How the U.S. Government Should Enforce Prevailing Wage Standards in All of Its Spending

Contractors make tactile repairs to a subway line in Boston on May 27, 2020.

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Congress is currently debating whether to make needed investments in public goods such as roads, clean energy, and the care economy, as well as how to ensure that this spending leads to good-paying union jobs for workers in the United States.1 If successful, these investments promise to help rebuild economic resiliency; boost fast-growing and critically needed sectors; and support middle-class jobs for Americans of all walks of life. Yet one important facet of this debate that often goes overlooked is how to ensure that companies receiving government funding actually comply with required job quality standards.

There are many standards necessary to ensure government spending supports high-quality American jobs, including those that ensure payment of decent wages and benefits, expand apprenticeship opportunities, prevent workplace discrimination, respect workers’ right to join a union, and promote domestic production.2

This issue brief focuses on enforcing prevailing wage laws, such as the McNamara–O’Hara Service Contract Act (SCA) and Davis-Bacon and Related Acts (DBA), which require companies receiving government funds to pay workers market-rate wage and benefit standards in a given local economy—as these are frequently higher than across-the-board minimum standards.3 Research consistently shows that prevailing wage laws help workers earn middle-class incomes, expand health insurance coverage, and increase the share of workers with pension plans.4 Moreover, these laws can help close racial pay gaps. One study found that prevailing wage laws shrink the income gap between white and Black construction workers by roughly 7 percentage points, and prevailing wage laws help ensure that government spending does not erode standards in the service sector, where many jobs are held by Black, Latinx, and immigrant workers.5

Prevailing wage laws are a critical job quality standard because the federal government’s large purchasing power can drive conditions in the market; prevailing wages help ensure that government dollars do not undercut local wage and benefit standards. They also prevent a race to the bottom among publicly funded contractors, support good jobs, and provide value to taxpayers.6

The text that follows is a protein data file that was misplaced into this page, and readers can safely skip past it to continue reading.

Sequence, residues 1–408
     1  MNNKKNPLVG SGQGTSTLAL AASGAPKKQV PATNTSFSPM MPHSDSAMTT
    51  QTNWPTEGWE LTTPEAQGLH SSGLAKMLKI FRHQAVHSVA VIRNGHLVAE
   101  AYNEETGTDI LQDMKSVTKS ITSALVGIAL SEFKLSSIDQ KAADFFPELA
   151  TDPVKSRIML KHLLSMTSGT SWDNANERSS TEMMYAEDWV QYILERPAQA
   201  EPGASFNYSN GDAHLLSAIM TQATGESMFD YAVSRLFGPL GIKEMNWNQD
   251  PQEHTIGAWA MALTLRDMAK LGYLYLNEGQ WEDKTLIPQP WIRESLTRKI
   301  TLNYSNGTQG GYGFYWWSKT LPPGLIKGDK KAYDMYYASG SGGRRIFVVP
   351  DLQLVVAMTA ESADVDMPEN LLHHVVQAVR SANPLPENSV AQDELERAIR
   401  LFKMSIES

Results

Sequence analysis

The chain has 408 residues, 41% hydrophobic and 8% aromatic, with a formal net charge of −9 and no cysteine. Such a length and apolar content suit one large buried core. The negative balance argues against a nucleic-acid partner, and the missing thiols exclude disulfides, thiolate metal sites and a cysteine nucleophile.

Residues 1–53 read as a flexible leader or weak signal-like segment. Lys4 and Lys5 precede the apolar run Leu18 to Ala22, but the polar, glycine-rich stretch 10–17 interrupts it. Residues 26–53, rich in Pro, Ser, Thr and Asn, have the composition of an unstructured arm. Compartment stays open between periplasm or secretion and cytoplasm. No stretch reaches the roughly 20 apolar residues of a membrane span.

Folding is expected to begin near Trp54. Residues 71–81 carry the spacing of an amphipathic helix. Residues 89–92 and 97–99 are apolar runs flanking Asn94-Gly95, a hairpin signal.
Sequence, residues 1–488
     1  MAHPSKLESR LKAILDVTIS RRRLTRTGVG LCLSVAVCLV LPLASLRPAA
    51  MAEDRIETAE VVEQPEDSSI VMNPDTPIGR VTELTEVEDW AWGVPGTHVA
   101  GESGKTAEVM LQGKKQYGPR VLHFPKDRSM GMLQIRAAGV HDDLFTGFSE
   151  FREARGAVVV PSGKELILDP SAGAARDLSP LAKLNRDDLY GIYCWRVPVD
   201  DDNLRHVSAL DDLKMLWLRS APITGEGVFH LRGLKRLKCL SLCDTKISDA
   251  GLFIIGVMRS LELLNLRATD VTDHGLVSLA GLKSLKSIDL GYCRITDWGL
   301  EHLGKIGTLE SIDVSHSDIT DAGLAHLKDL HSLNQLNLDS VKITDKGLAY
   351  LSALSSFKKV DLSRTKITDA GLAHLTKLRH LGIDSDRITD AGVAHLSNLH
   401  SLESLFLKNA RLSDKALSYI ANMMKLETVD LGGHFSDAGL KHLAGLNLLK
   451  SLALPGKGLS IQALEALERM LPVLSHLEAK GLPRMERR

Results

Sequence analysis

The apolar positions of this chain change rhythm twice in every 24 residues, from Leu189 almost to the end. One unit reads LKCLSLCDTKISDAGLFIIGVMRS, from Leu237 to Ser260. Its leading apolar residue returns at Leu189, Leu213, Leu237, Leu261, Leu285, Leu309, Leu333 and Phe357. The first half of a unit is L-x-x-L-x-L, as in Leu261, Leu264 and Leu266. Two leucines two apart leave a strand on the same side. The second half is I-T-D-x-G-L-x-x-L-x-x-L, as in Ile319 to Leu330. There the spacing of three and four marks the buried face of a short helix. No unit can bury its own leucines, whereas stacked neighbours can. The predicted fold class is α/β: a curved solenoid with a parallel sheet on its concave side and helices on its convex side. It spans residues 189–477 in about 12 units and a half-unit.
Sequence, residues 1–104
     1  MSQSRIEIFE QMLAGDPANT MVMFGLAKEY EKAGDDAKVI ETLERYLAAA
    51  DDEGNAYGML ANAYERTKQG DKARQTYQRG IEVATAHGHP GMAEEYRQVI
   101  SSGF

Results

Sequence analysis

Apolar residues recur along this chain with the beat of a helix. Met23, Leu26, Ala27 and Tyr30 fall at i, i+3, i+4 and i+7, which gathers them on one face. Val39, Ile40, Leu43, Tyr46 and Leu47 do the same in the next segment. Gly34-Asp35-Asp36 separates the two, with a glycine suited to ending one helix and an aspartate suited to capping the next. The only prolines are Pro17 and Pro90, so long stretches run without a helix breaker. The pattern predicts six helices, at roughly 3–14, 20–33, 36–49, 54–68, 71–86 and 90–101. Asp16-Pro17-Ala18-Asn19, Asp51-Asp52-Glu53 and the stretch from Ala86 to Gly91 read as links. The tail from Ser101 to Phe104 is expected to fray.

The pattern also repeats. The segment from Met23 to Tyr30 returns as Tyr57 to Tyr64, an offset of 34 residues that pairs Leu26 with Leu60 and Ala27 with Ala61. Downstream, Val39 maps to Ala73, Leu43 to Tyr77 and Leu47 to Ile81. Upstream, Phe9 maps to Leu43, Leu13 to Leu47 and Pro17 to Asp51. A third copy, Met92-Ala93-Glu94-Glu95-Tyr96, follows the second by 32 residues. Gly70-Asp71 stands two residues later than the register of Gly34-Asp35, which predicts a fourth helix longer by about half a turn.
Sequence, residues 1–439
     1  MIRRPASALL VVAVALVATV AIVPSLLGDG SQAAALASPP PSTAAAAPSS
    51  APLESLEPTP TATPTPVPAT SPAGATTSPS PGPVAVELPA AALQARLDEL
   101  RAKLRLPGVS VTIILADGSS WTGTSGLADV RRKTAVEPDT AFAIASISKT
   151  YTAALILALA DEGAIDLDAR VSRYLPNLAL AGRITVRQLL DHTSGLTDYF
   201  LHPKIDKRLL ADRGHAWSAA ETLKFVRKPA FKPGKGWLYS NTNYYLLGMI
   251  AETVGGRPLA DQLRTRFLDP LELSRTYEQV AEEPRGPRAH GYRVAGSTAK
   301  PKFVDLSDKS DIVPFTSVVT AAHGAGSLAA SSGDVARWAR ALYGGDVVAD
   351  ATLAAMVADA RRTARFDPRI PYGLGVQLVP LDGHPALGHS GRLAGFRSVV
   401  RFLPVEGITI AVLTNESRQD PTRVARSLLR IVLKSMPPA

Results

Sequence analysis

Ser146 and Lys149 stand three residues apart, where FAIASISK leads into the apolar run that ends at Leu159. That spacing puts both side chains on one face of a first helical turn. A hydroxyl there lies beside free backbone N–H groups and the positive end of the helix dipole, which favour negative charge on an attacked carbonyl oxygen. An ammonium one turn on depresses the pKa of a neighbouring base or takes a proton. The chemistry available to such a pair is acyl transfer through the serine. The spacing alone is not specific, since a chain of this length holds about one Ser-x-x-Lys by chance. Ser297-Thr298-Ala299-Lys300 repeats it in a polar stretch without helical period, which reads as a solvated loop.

Prevailing wage standards are central to President Joe Biden’s Build Back Better agenda7 as well as a number of congressional proposals being debated. Several clean energy proposals include these standards—for example, Sen. Ron Wyden’s (D-OR) Clean Energy for America Act, which requires projects receiving production and investment tax credits to pay prevailing wages.8 Further, Congress has made clear that it does not want to take away prevailing wage protections: In June, 58 senators rejected an amendment stripping Davis-Bacon standards from a China competitiveness bill.9

Yet, too often, companies receiving government support violate job quality protections, including prevailing wage laws, and government enforcement efforts fall short. For example, a 2013 investigation by the Senate Committee on Health, Education, Labor, and Pensions reviewed the 100 largest penalties for workplace safety and health standards and the 100 largest violations of wage laws, finding that nearly 30 percent of top workplace violators were government contractors who were receiving billions in taxpayer dollars.10 Similarly, a 2020 report from the U.S. Government Accountability Office (GAO) found that federal contractors agreed to pay approximately $224 million in back wages to workers on federal service contracts from 2014 to 2019 due to prevailing wage violations, yet the U.S. Department of Labor (DOL) acted to prevent violators from receiving new contracts in only 2 percent of cases where lawbreaking was uncovered.11

This should be cause for concern. While prevailing wage standards automatically flow to direct federal service and construction contracts, it typically takes congressional action to extend these standards to new government grant, loan, and tax expenditure programs.12 Therefore, securing compliance should be even more of a priority for new programs that include prevailing wage protections.

Enforcement resources and tools are already strained and may not be adequate for new job quality standards. Moreover, current enforcement processes can vary significantly by region. According to a 2021 GAO review of the U.S. Army Corps of Engineers, which spends billions of dollars on construction contracts, while one regional enforcement office reviews 100 percent of all workers’ payroll records to confirm that covered employers pay the correct wage and benefits to their employees, other offices review as little as 20 percent of these records.13